Not all apps have undergone a complete rewrite and some still need SIP to be disabled to work. Fortunately, this is often a temporary arrangement, like in the case of Winclone. This Boot Camp cloning and backup solution requires the user to disable SIP in order to write to protected areas of the drive. The feature can be enabled again afterwards.
SwitchResX is another such app that requires SIP to be disabled. It provides enhanced control over external displays, which relies on a specific resolution being specified in a protected file. Once the display has been configured, the user can restore SIP until they need to make another change. Other apps like XtraFinder (and many more applications that change the appearance and functionality of Finder) require the feature be enabled with a code injection workaround (using the command
csrutil enable --without debug).
Because of the change, some apps have ceased development entirely. Others get away with advising users to only disable of SIP temporarily, then re-enable it again. The key here is to be weary of apps that modify your system’s appearance or behavior, a built-in app or feature (like Finder, Spotlight or the dock), before you buy. Much of the time a quick Google search or a glance at the FAQ will suffice.
How to Disable System Integrity Protection
If you do decide to disable SIP, be aware that your Mac is technically just as secure as it was when you were running OS X 10.10 Mavericks. You’ll still need to supply root access to write to certain areas of the drive, which requires admin privileges. It’s also possible to re-enable SIP easily if you decide to do so later.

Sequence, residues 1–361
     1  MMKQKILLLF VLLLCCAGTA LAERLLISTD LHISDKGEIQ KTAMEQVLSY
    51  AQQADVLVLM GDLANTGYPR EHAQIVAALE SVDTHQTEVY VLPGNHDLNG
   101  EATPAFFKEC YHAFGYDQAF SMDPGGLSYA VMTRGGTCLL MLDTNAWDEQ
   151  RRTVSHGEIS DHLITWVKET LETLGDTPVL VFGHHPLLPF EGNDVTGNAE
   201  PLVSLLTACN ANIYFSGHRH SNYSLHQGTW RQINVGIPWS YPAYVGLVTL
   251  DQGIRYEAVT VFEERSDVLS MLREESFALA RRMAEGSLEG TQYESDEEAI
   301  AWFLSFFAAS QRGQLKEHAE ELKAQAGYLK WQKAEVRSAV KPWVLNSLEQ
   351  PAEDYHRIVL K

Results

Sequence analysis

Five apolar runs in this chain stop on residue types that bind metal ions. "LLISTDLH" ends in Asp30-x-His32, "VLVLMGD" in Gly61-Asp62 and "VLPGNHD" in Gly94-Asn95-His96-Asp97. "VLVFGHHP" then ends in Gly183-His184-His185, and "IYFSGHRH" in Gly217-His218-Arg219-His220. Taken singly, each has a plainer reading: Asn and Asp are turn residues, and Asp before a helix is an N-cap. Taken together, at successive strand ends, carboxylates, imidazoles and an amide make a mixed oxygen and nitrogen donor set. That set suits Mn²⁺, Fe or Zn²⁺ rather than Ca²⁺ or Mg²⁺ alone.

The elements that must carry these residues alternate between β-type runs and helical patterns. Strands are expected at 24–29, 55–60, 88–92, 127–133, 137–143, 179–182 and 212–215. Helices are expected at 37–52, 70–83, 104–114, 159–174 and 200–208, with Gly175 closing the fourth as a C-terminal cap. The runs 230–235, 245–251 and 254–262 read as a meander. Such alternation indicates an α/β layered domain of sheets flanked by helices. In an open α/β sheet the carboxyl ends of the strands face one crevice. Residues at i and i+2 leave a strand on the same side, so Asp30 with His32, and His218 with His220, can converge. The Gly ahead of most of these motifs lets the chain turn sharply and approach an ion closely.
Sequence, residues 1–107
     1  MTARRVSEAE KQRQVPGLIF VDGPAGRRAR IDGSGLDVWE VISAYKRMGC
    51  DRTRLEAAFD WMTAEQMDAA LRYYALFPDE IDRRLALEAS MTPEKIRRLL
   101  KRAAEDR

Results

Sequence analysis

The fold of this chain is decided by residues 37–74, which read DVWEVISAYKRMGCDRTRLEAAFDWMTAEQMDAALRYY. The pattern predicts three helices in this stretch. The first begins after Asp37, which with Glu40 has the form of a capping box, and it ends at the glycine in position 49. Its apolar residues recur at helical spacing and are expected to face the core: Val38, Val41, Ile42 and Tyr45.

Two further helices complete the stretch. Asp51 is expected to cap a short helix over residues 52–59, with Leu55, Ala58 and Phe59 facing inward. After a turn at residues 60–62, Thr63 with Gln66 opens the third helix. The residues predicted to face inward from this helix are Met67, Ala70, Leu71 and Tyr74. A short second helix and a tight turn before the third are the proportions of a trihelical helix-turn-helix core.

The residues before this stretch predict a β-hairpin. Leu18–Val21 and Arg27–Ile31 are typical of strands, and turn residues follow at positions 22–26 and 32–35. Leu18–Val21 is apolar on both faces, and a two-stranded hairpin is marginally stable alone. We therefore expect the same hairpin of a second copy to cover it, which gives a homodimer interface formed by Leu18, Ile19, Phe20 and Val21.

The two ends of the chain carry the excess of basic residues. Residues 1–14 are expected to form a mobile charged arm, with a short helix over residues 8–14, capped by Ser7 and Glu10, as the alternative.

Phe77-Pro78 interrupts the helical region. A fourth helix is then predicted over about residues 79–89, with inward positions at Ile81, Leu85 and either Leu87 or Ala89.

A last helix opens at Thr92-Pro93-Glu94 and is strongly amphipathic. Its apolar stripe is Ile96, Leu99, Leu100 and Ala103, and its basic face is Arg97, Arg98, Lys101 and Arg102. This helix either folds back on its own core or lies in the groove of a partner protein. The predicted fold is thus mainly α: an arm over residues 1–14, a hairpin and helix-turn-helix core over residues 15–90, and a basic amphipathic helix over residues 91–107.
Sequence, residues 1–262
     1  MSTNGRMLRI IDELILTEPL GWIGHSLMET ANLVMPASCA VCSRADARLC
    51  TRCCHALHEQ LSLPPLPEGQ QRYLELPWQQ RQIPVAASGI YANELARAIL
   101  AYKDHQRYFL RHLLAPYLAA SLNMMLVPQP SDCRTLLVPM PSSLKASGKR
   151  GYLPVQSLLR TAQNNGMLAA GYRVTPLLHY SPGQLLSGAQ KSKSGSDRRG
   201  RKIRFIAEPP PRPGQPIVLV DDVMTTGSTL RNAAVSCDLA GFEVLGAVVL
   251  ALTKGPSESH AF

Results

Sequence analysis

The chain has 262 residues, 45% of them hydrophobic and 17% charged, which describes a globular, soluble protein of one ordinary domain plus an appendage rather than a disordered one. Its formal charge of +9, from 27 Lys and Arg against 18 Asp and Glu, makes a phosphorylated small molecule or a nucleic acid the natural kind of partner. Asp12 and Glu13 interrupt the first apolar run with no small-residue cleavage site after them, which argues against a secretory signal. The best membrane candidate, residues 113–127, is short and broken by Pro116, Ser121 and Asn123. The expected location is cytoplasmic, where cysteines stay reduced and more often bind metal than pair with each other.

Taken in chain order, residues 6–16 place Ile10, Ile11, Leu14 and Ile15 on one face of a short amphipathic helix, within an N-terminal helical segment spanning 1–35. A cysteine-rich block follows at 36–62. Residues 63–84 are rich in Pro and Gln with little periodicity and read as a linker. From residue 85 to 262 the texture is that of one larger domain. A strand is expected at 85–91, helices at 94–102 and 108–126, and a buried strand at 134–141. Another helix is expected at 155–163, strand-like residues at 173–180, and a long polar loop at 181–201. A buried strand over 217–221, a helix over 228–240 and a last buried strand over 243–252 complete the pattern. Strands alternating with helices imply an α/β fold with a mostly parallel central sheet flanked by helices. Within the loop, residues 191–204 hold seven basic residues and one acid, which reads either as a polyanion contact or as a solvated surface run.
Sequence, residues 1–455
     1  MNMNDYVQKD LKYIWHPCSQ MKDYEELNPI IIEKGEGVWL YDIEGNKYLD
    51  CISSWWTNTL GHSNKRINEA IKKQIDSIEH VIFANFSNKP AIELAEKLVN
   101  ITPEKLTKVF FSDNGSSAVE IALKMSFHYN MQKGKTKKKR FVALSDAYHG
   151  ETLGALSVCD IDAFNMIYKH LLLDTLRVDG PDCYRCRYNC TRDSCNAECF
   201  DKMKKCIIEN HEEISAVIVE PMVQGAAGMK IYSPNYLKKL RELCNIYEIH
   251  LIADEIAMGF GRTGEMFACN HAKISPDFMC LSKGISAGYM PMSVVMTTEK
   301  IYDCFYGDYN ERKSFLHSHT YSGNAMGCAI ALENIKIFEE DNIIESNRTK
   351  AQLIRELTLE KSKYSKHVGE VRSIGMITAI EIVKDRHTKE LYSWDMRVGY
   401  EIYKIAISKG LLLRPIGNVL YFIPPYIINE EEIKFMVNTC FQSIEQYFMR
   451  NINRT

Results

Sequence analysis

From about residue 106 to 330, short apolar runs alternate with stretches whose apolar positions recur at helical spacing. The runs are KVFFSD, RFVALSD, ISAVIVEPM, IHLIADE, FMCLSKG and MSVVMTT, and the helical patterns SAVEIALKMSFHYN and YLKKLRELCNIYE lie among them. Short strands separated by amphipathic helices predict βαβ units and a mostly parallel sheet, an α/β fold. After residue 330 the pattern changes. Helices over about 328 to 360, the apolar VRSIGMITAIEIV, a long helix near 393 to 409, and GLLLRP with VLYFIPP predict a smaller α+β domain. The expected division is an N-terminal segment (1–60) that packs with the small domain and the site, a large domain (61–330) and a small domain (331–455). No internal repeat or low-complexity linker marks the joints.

Most Mac users will never have the need to disable SIP. Also, it’s worth leaving the feature enabled unless you run into a hurdle. If you need to make changes to a protected folder or use software that lacks the privileges to do so, here’s what to do:
- Restart your Mac by clicking the Apple logo in the top left and choosing Restart.
- Hold down Command + R while your Mac boots to enter Recovery Mode.
- Once your Mac has booted, head to Utilities and launch Terminal.
csrutil disableand hit Enter.
- Restart your Mac as normal.
All done! You can easily re-enable the feature by booting back into Recovery Mode, launching Terminal and typing
csrutil clear followed by Enter.
Have You Disabled SIP?
Maybe you’re willing to take your chances and turn SIP off. Perhaps you’d rather Apple didn’t dictate what you can and can’t change. Maybe, an app requires SIP to be disabled. Or, you are someone who enjoys tweaking the system. If you have disabled the feature, we’d love to hear why.
Disabling System Integrity Protection allowed me to chmod -x Siri, which fixed my problem of it popping up whenever I pressed my headset btn
— Brian by Santana ft (@brianloveswords) November 28, 2016
There’s little reason to turn the feature off until you find the need to do so. Remember, reinstalling macOS is likely to re-enable the feature. It’s also likely Apple will keep introducing security features and permission controls with each new macOS release.
To SIP or not to SIP? Let us know in the comments below.
Image Credit: Issarawat Tattong via Shutterstock.com